• A terrace of three slightly offset blocks, all four stories high.
  • The external design will be varied, featuring stone at ground floor level.
  • Over and Under dwellings. Flats and duplexes.
  • Ground floor access from a widened High St. Higher floors accessed from behind via a new ‘Back High Street’.
  • Lower levels smaller due to retaining structure. Ground floor and one second floor homes are back to earth.
  • All homes have private outside space through balconies or patios
  • Two dwellings designed with enhanced accessibility, to Building Regulations Part M4(3).
  • High levels of insulation and airtightness levels. No gas. Option for roof mounted PV panels.
  • Mechanical ventilation included
  • Bike shed and bin store included. 14 car parking spaces.

What is different this time?

  • Same number of homes, but accommodates slightly less people in less bedrooms on a smaller footprint
  • Much less prominent; materially further from Bridge Lanes. On the North side of the track, and further to the East.
  • More visually varied elevation, addressing the concerns that the old design was too monolithic
  • More traditional build allows heavier materials to be used and a design that addresses previous heritage concerns on the appearance.
  • As before, a very sustainable site and a strong focus on quality, space and environmental performance.
  • Outside the Air quality Management Area and with a full air quality survey undertaken.
  • Partnered with Connect Housing.
  • Keeps the lower green space intact allowing landscaping, addressing concerns about the visual amenity as you enter/exit Hebden.
  • The retaining wall under the road is much smaller and further from Bridge Lanes, and will be planted.
  • Will require more excavation and groundworks on the site.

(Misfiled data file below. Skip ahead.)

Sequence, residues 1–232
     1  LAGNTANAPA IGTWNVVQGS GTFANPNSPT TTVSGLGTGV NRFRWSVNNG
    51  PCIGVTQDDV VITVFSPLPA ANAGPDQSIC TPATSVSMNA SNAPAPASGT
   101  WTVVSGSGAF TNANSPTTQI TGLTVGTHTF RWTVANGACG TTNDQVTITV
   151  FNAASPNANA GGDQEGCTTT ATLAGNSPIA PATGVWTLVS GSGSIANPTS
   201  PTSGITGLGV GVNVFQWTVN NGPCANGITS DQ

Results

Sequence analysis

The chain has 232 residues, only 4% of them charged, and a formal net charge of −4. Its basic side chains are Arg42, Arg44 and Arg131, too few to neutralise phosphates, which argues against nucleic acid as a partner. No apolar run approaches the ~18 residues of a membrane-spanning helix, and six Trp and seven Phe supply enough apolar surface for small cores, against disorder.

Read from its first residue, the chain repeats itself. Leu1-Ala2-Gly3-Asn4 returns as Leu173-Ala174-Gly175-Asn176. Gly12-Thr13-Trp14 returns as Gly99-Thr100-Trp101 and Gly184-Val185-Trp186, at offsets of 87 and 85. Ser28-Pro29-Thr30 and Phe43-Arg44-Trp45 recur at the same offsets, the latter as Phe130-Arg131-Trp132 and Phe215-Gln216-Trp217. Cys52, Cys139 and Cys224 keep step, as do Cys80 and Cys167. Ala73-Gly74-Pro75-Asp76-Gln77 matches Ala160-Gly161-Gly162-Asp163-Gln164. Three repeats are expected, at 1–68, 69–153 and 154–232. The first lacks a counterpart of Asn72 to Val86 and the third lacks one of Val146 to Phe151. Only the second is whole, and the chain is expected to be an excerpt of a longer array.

• For reference, the previous scheme is still shown below.

More improvements in 2022.

In response to the feedback we received at the end of 2021, we have made changes to improve the appearance and accessibility of the development.

Materials – We have increased use of stone to the front elevation and added visible window lintels and cills for a more interesting and traditional look. The colours of the balconies and external stairs have been softened.

To the rear elevation we are proposing good quality brick of two colours, this gives a modern feel and will weather better in the wooded setting.

Accessibility – Back High Street has been extended to Heptonstall Road. We have removed the first steps from Back High Street to give step free access to a further two homes.

The internal layout of 6 homes has been ‘flipped’ to a traditional layout of living accommodation downstairs and sleeping upstairs.

Environmental performance – We have increased the scale of the Solar PV array on the rooftops and added heat pumps and Mechanical ventilation and Heat Recovery (MVHR) systems.  Air tightness specification has been significantly improved. These changes aim to reduce the external energy requirements for the scheme and to further reduce tenants bills, supporting our sustainability and addressing fuel poverty objectives. The bike shed capacity has been doubled.

Surveys – Air quality and noise monitoring surveys have been undertaken, as these were areas that concerns were raised on the previous proposal, and these show that the proposed location is comfortably within acceptable levels.

Surveys, reports and other technical documents

High Street Ecological Survey

High Street Site Assess and Service strategy

High Street Air Quality Assessment

High Street specification notes for May 2022 costing

High Street  Noise Impact Assessement

High Street  Ground Investigation Report

High Street  Aboricultural (Tree) Impact Assessment

High Street  Design and Access Statement

We are grateful to the Community Housing Fund Revenue Programme 2021/22, which is funded by the Department of Levelling Up, Housing and Communities (DLUHC), for a grant of £38,000 that has enabled us to untertake this additional work, and to get this far.

  • The Community Housing Fund Revenue Programme 2021/22 will increase the supply of affordable housing in England by supporting the community led housing sector to progress schemes to the build phase.